- IVF (In Vitro Fertilization)
Many couples struggle to conceive and turn to other methods to start a family, In-Vitro Fertilization (IVF) is one of the most successful and therefore, well-known methods of assisted reproduction technology (ART).
IVF works by extracting an egg from the female partner and taking sperm from the male partner (or using a donor egg or sperm where appropriate) and combining them in a laboratory before transferring the embryo(s) into the woman’s uterus (a donor/surrogate may also be used).
IVF is an option for many couples who have struggled to conceive naturally or those that suffer from:
- Age – woman over 40 are more likely to experience fertility issues for a variety of reasons
- Genetics or the risk of passing on genetic predispositions that reduce quality of life – embryos can be scanned for some but not all abnormalities, if found a donor sperm or egg may be used for insemination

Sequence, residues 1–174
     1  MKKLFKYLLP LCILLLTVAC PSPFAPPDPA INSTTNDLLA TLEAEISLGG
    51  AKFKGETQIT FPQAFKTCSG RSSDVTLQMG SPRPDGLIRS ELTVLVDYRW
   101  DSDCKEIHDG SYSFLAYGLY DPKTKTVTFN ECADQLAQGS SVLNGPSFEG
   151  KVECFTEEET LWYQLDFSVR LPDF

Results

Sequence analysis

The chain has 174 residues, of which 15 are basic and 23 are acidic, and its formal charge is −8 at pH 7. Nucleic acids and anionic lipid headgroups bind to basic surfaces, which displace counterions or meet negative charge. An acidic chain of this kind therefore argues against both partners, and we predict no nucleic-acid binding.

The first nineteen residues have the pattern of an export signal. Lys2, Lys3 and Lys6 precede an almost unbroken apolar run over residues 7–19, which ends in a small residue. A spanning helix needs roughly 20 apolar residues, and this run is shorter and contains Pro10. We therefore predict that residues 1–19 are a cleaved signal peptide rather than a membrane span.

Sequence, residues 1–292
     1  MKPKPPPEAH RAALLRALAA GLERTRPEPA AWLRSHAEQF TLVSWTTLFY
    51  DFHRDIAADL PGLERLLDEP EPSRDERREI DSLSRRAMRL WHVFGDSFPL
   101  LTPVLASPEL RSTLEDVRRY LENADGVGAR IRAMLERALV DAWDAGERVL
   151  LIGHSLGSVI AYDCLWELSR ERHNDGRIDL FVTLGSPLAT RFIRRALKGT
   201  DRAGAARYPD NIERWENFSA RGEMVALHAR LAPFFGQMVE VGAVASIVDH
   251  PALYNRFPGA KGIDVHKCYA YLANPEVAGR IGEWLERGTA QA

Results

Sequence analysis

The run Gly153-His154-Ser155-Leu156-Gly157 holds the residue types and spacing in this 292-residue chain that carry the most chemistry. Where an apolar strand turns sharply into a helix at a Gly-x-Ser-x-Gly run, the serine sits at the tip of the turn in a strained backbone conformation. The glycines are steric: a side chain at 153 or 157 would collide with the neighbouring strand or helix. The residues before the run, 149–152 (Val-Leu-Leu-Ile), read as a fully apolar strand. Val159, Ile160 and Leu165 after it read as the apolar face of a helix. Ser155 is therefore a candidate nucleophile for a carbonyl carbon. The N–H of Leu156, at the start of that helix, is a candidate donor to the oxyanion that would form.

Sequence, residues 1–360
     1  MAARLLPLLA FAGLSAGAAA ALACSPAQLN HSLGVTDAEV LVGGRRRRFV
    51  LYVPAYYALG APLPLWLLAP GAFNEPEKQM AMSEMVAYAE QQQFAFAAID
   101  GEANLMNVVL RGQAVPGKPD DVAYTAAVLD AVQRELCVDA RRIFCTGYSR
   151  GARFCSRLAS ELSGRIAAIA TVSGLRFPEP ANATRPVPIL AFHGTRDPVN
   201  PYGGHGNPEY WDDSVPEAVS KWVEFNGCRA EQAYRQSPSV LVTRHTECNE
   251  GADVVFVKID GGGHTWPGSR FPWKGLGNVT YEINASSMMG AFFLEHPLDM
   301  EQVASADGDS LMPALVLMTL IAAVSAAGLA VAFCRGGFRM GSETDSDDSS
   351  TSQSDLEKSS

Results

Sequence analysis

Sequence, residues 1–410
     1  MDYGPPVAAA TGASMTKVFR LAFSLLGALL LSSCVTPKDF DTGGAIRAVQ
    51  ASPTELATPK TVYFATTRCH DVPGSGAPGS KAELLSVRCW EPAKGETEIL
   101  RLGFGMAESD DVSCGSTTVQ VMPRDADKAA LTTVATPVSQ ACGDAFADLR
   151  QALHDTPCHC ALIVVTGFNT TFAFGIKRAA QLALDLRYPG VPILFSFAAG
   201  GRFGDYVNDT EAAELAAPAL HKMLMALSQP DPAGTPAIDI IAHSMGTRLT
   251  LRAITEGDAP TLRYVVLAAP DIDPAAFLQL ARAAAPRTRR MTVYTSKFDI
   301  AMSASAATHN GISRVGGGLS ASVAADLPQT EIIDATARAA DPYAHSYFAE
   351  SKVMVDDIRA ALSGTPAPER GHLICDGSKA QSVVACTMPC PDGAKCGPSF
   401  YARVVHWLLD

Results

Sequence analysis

- Fallopian tube damage/blockage resulting in reduced access to the uterus for an egg to be fertilized or for an embryo to pass to the uterus
- Ovulation disorders: are common and result in fewer eggs being available for fertilization
- Ovarian failure: this condition results in the loss of normal ovarian function and is considered premature ovarian failure in women under 40. Ovarian failure means an imbalance in the amount of estrogen being produced or eggs not being released regularly
- Endometriosis: a condition where uterine tissue implants itself and grows outside of the uterus, affecting the functioning of the uterus, fallopian tubes and ovaries